El Estoque

Adjusting our focus: We need to pay more attention to the news

Nathan Stevens

I turned the TV to the news, expecting to see Donald Trump front and center on CNN, as he is almost every day. I did not, however. What I actually saw was much more terrifying.

One moment, waves crash along the iconic sand beaches. Tourists and natives crowd along the ocean’s edge. The hustle of the nearby city echoes in the distance. In the next, everything stands still. The familiar sounds of the Aloha State come to a halt, and in their place a piercing screech envelops the area.

On Friday, December 1, Hawaii turned on it’s nuclear sirens for the first time since the Cold War. Due to increasing hostility from North Korea, the famous vacation destination decided to revive nuclear warnings via their disturbingly thunderous alarms. They will continue these tests indefinitely on the first workday of each month.

As my mom and I sat in silence — listening to the television boom in our house as it did in Hawaii — I was shocked to watch the topic quickly change back to the president.
Putting things in perspective, North Korea would’ve been breaking news for weeks at any other time. But instead, we’re bombarded with headlines about Donald Trump and Russia. Somehow, as Hawaiian children ask their parents why a siren is blaring in their homes, the news prioritizes covering another insensitive tweet or ridiculous lie.

As a journalist, I realize the importance of holding those in power accountable, regardless of party or affiliation. But I think I speak for a majority of people when I say I’m sick of it. There used to be a time — however long ago it may have been — when the news was not a daily dose of depression. Now, you’d be lucky to even hear about the Cold War nuclear sirens blasting in Hawaii.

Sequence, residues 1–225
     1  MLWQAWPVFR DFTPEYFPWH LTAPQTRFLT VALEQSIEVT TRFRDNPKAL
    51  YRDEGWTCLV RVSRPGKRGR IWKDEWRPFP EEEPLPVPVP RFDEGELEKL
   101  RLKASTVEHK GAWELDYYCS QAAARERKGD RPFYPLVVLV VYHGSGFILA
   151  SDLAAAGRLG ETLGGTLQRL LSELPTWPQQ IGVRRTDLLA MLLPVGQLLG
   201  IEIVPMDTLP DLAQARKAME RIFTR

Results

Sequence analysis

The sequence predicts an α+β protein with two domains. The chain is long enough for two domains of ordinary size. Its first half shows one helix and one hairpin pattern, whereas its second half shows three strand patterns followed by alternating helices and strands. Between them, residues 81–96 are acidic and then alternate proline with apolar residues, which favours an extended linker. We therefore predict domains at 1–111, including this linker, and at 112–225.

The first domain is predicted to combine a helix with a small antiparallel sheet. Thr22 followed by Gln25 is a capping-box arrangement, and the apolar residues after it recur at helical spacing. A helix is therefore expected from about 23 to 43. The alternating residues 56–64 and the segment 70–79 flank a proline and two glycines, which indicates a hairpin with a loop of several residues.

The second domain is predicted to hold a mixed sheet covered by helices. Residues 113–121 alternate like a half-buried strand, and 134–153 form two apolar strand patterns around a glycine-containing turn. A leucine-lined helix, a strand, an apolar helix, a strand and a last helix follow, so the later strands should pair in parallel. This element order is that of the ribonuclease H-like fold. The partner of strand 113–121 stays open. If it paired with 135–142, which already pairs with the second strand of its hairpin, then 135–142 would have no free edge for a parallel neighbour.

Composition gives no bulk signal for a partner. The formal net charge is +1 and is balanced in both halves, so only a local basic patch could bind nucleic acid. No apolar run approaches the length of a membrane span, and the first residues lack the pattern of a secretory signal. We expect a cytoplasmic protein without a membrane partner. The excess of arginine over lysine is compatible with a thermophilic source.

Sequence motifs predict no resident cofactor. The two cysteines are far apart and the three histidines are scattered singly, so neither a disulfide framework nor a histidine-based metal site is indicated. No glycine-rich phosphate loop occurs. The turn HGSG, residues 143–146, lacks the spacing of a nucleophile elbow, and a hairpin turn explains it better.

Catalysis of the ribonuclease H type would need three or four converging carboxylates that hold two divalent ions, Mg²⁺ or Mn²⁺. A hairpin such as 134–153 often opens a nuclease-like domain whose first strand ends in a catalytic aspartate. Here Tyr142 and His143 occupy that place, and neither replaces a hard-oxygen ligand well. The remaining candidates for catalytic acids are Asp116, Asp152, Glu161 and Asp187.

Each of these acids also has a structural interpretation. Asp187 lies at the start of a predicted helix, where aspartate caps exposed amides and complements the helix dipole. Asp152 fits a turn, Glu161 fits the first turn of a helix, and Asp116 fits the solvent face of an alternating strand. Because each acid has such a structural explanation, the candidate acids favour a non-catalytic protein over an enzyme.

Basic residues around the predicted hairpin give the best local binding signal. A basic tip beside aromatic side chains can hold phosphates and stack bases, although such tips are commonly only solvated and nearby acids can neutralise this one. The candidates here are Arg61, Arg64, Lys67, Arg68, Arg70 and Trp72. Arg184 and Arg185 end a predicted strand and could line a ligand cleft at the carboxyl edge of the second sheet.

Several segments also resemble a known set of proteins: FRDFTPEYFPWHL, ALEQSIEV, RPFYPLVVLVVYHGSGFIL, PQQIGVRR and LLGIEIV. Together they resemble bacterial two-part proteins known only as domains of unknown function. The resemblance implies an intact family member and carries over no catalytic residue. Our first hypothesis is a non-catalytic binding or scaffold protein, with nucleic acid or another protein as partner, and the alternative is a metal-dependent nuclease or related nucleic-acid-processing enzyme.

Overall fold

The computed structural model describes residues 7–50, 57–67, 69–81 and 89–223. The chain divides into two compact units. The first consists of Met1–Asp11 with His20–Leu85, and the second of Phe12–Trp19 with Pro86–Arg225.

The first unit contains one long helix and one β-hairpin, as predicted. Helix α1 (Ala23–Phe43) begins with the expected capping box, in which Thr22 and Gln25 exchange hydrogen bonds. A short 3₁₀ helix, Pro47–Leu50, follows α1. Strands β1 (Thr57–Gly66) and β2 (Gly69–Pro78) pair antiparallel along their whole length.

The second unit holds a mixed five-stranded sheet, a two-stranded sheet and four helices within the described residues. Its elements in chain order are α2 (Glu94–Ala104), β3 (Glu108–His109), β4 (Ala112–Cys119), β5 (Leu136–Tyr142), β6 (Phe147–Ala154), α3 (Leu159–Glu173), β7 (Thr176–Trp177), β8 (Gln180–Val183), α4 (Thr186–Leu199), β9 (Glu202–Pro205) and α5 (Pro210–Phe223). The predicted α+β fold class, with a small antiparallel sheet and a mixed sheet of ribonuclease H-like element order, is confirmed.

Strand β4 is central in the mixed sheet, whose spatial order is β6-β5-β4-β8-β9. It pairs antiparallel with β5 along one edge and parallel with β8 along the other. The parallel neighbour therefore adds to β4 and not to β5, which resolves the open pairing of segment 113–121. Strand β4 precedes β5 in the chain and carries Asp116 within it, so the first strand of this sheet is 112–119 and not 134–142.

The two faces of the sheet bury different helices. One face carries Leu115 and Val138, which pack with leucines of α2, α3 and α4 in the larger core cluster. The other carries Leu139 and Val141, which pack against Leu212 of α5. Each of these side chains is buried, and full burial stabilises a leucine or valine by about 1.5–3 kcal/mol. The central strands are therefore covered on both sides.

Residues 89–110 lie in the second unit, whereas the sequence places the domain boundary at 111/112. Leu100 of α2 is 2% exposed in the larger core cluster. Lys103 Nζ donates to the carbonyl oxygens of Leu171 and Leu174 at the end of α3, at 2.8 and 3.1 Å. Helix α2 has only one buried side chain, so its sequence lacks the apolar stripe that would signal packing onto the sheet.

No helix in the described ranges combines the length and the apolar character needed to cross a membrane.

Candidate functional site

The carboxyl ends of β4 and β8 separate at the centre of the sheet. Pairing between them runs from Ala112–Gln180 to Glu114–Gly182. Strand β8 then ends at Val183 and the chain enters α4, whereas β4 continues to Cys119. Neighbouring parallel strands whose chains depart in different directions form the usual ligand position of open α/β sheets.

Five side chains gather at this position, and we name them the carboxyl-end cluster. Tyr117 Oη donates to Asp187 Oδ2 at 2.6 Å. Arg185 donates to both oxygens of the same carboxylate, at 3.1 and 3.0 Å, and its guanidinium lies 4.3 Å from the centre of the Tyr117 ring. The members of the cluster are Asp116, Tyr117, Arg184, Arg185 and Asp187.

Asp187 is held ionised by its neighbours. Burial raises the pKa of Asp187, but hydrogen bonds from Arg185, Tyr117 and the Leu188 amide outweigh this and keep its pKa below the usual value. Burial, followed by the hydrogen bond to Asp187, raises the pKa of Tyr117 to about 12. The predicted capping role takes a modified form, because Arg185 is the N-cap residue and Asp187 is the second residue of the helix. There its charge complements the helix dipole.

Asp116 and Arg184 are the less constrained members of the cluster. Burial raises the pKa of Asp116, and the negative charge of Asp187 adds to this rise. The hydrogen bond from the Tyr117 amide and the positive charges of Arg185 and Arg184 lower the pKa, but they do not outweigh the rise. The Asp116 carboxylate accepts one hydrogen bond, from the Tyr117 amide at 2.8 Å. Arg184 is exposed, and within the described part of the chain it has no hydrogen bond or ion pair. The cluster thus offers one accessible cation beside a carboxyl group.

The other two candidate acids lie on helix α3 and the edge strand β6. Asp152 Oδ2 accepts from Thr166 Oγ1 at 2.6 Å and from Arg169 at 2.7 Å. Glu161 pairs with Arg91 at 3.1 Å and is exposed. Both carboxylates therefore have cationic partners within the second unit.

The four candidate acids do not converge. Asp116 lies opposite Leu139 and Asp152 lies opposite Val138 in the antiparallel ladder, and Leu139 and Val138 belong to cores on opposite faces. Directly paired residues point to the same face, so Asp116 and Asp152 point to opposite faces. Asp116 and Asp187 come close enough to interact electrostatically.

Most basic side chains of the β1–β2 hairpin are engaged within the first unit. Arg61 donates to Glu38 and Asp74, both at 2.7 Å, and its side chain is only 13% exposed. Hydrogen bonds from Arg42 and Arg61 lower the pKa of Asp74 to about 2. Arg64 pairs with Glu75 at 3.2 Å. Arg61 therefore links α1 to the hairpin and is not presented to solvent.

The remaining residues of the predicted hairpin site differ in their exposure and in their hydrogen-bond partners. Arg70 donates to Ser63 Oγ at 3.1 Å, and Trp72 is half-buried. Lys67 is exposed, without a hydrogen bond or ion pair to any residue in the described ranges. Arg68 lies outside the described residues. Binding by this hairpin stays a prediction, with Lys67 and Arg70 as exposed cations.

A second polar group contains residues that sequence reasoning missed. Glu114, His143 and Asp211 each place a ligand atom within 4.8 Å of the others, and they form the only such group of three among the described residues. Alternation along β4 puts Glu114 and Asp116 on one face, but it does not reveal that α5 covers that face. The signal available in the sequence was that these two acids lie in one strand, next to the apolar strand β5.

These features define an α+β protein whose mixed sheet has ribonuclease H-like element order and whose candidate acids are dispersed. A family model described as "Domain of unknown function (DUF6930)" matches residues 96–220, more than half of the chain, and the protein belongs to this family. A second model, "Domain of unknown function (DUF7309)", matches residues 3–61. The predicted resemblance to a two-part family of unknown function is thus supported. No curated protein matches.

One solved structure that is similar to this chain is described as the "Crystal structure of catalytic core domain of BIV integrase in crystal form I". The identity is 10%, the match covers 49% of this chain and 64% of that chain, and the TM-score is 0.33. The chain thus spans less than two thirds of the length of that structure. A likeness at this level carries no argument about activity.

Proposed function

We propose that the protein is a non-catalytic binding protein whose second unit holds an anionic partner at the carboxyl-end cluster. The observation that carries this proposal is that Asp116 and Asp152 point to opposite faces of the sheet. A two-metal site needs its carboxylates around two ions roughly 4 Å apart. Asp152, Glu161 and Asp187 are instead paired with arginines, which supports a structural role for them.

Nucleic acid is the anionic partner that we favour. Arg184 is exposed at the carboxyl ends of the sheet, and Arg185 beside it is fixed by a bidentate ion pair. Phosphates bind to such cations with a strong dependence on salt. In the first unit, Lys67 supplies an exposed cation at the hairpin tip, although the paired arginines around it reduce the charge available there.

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This adjustment is one of the first to come in response to North Korea, and it surely won’t be the last. In March, Japan implemented similar systems for warning of an attack after four North Korean missiles landed off the coast of Oga.

Tensions with North Korea have only gotten worse, and it does not appear that anything will change soon. Yet on the verge of a potential nuclear war, we as a nation seem to be focused elsewhere.

There are 1.4 million people in Hawaii, all of whom are living with the real possibility of hearing those sirens and knowing, this time, it’s not a drill. I know just how distracting the news cycle can be — it feels like something “unprecedented” is happening all the time. But we’re so focused on what’s going in Washington D.C. that we aren’t even considering the consequences — consequences that those in Hawaii have to live with every day.

It’s not just in Hawaii; people are suffering all around the world. No matter how entertaining it is to obsess over our crazy politics, we cannot discount or ignore the people politicians are supposed to represent. Their stories — the ones that truly matter — are becoming less and less prominent in the news.

It’s easier to look away or distract ourselves when North Korea becomes more hostile, but that only makes things worse. I do realize there’s not much we can really do, but we have the power to tell our governments and media outlets that we do care, despite ratings saying otherwise. Watch. Share. Like. Read. Do whatever it is you can to support those reporting the experiences we rarely get exposed to.

We take our privilege for granted. Living in the U.S., and especially in California, what happens here often makes the news. That is not the case everywhere. But if we can broaden our perspective by embracing the things we don’t like to hear, we can help those who are not so fortunate, like the people of Hawaii. If we don’t, eventually, there will be no one left to tell our story.

About the Writer
Nathan Stevens, Staff Writer

Stevens is a senior at MVHS and ataff writer for El Estoque. He enjoys watching complex TV, writing as well as hanging out with friends in his free time.